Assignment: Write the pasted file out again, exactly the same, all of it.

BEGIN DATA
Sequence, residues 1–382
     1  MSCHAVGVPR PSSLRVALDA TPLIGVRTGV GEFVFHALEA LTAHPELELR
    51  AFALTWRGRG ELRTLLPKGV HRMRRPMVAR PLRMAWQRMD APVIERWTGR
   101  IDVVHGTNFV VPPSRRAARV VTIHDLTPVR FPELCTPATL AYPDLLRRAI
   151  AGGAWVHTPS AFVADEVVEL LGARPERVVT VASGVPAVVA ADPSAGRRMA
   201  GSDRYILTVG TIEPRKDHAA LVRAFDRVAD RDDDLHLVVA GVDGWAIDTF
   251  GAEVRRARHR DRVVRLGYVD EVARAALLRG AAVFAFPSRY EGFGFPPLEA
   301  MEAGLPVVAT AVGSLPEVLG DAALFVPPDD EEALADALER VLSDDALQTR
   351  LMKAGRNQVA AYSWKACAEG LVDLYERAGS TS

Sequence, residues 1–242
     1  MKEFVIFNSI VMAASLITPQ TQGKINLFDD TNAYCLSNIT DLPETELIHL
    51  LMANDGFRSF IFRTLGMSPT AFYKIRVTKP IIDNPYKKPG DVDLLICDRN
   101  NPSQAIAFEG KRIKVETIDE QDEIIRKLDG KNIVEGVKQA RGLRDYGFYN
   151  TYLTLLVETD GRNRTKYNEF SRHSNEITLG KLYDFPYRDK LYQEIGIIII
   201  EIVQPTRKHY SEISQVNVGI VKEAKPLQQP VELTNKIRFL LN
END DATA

Sequence, residues 1–382
     1  MSCHAVGVPR PSSLRVALDA TPLIGVRTGV GEFVFHALEA LTAHPELELR
    51  AFALTWRGRG ELRTLLPKGV HRMRRPMVAR PLRMAWQRMD APVIERWTGR
   101  IDVVHGTNFV VPPSRRAARV VTIHDLTPVR FPELCTPATL AYPDLLRRAI
   151  AGGAWVHTPS AFVADEVVEL LGARPERVVT VASGVPAVVA ADPSAGRRMA
   201  GSDRYILTVG TIEPRKDHAA LVRAFDRVAD RDDDLHLVVA GVDGWAIDTF
   251  GAEVRRARHR DRVVRLGYVD EVARAALLRG AAVFAFPSRY EGFGFPPLEA
   301  MEAGLPVVAT AVGSLPEVLG DAALFVPPDD EEALADALER VLSDDALQTR
   351  LMKAGRNQVA AYSWKACAEG LVDLYERAGS TS

Sequence, residues 1–242
     1  MKEFVIFNSI VMAASLITPQ TQGKINLFDD TNAYCLSNIT DLPETELIHL
    51  LMANDGFRSF IFRTLGMSPT AFYKIRVTKP IIDNPYKKPG DVDLLICDRN
   101  NPSQAIAFEG KRIKVETIDE QDEIIRKLDG KNIVEGVKQA RGLRDYGFYN
   151  TYLTLLVETD GRNRTKYNEF SRHSNEITLG KLYDFPYRDK LYQEIGIIII
   201  EIVQPTRKHY SEISQVNVGI VKEAKPLQQP VELTNKIRFL LN